I made a mistake, there are not tens of thousands of people in Benghazi but 700,000. They surely would have been slaughtered (and raped) without the NFZ. "Get out" too soon and the loss of life will be maximal, not minimal.

  9. Bronson, having followed the uprising from the beginning (i.e. a month before it registered in the US) it does appear that these are people who want democracy, just as their neighbours on either side and throughout the Arab world right now. I don't think demonstrating peacefully (at first) and getting mowed down by attack helicopters is how clan warfare works! The rebels took up arms to avoid getting killed, though not very successfully. The conflict was almost over by the time the NFZ came in; Benghazi was basically the last stand after Gaddafi's troops had retaken, with untold bloodshed, all the territory previously secured by the rebels. This is not a civil war in the sense of two factions of citizens fighting; it's the Gaddafi and his hired guns against Libyans who want democracy. If the democrats win, the aftermath will be an election. If Gaddafi wins, the aftermath will be a bloodbath and no chance of democracy for perhaps a generation. Whatever soul-weariness we may feel watching a war from the comfort of our livingrooms is nothing to the soul-weariness of losing your loved ones and gaining nothing but more repression.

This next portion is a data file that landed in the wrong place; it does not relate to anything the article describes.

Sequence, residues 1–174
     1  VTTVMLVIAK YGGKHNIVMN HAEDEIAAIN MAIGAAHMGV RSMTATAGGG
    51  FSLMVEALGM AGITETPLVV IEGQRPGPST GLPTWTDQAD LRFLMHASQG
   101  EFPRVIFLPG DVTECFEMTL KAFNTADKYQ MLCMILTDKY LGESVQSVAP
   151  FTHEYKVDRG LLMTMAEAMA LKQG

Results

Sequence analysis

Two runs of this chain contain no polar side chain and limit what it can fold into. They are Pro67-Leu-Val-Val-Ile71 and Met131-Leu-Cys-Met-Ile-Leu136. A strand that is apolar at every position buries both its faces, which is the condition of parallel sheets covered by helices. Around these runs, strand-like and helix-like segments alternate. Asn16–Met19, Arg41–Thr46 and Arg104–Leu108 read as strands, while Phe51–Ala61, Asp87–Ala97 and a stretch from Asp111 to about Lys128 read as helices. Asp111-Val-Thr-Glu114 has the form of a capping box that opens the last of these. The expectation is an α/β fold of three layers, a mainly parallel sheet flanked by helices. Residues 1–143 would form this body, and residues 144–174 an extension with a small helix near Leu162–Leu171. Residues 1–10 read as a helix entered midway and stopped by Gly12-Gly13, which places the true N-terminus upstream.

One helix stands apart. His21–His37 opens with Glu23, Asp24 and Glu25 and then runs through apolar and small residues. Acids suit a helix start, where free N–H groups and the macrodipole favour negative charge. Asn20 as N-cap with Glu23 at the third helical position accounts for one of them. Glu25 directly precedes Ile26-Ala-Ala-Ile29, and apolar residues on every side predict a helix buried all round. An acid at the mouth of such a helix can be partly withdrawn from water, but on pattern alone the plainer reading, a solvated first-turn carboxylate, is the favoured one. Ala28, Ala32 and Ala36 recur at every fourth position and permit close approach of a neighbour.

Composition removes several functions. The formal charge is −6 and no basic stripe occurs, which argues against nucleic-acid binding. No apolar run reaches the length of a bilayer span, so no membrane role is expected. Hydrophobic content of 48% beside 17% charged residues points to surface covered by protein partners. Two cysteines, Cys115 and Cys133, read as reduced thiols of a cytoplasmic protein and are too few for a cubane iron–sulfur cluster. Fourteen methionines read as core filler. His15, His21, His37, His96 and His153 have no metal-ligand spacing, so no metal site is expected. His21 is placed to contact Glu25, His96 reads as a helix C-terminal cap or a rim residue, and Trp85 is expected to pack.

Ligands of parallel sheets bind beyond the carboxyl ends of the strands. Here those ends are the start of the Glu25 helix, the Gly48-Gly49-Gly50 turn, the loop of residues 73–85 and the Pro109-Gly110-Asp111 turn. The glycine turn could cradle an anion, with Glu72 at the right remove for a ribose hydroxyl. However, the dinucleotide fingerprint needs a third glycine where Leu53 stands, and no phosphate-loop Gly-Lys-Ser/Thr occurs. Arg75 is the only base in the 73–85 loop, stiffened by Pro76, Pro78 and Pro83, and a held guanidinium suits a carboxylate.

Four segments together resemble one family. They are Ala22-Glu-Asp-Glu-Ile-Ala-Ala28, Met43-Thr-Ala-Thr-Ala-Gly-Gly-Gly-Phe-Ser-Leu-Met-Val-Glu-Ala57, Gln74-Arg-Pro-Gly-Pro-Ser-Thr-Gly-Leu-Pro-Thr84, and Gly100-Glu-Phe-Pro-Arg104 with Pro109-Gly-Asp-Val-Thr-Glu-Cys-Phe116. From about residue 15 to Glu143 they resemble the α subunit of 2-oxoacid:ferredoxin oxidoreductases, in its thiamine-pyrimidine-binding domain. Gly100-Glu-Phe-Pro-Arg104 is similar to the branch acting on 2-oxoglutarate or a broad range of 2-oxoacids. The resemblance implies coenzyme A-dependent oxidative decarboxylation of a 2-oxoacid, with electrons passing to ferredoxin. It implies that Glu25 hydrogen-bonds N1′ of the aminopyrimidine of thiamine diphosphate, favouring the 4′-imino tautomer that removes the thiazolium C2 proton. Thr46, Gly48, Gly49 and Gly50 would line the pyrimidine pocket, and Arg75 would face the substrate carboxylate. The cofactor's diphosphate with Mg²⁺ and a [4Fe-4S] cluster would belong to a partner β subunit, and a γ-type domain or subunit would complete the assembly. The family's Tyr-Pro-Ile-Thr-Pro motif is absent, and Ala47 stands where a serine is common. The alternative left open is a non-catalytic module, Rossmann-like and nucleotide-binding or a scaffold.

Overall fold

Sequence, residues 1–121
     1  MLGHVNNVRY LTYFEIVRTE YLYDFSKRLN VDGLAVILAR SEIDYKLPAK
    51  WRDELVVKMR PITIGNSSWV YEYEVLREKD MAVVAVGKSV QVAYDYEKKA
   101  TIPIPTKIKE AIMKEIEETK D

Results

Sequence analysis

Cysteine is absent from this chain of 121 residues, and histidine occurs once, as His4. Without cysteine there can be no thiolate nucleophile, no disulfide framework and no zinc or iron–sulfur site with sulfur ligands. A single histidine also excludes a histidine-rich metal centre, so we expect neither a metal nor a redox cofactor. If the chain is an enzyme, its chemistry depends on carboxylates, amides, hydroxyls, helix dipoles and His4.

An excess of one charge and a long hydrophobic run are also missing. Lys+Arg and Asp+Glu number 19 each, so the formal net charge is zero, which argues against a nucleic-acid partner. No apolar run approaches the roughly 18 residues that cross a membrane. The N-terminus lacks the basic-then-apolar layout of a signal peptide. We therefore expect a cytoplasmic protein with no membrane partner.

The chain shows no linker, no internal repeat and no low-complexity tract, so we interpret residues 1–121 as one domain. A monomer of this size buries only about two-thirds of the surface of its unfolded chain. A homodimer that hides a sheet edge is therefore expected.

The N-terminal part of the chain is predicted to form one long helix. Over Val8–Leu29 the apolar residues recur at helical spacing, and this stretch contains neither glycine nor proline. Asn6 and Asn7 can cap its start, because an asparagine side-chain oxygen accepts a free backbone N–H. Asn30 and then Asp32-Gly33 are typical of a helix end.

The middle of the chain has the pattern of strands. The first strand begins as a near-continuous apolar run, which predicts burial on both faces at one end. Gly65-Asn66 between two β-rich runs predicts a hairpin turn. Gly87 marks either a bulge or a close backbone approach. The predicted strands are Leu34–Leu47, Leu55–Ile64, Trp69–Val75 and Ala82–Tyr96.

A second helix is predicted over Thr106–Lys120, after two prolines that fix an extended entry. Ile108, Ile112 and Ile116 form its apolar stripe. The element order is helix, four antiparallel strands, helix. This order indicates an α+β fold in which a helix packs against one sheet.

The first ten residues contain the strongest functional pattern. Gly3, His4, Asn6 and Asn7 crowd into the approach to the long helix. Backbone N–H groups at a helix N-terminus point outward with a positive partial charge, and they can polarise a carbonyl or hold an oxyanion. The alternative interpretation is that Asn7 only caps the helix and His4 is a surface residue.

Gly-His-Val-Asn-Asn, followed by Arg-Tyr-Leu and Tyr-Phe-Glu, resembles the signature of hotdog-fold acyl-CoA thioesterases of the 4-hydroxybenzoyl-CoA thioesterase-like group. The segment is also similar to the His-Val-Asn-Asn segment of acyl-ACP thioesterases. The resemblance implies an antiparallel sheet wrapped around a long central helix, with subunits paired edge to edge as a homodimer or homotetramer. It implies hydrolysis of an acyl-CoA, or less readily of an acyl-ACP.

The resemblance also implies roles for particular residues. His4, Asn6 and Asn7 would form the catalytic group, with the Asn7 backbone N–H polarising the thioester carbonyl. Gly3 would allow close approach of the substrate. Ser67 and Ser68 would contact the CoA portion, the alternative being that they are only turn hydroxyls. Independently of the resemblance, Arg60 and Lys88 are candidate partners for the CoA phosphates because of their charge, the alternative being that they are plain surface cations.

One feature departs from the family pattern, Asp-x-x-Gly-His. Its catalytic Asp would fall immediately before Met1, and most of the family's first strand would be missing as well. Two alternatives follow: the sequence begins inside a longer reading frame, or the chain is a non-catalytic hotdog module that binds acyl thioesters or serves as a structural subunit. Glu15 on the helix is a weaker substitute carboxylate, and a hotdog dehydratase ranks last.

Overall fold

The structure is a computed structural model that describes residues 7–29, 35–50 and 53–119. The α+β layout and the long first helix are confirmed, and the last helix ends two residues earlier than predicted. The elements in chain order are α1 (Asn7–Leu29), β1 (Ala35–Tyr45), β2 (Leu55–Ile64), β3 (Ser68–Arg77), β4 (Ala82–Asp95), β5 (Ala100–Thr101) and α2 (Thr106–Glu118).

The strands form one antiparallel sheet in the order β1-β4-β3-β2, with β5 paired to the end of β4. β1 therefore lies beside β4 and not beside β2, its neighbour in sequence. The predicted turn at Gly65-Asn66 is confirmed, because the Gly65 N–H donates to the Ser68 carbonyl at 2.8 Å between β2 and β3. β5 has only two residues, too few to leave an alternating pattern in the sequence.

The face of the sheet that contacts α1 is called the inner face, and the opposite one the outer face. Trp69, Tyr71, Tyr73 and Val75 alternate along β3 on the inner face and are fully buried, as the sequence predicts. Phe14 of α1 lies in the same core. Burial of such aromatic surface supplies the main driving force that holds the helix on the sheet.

Here's a vignette from today. A group of protesters went, unarmed, to challenge a (probably for-hire) pro-Gaddafi rally. They went in peace and yet several were killed. And you're worried that they will slaughter the (supposed) pro-Gaddafi people?

    I think the big problem here is a lack of information about what is going on there. Partly that's because of communications blackouts and the harassment and detention of reporters by the Gaddafi regime. And partly it's because people are joining the program, due to the US military involvement, when it's half over and don't know what's going on. Liberals replay the Iraq script (oil-producing Arab country, what else could it be?) and conservatives replay the Egypt script (what if the terrorists take over!?!), or simply don't give a hoot about genocide in some foreign country, and so everyone is against it. It's a sad joke that the country is finally united in opposing an action that is globally recognized as necessary and good.

    Of course we don't know how this will all turn out. That's life. It's not a reason not to try to make things work. History tells us exactly what will happen if we do nothing. We can hardly do worse here.


About Me

I'm Rachel's husband and Darcy's daddy. I'm a Hoosier, an accountant, and an Episcopalian. Politically, I'm a progressive who believes in the preferential option for the poor. I use the blog as a sort of journal - to interact with my reading and sketch out ideas.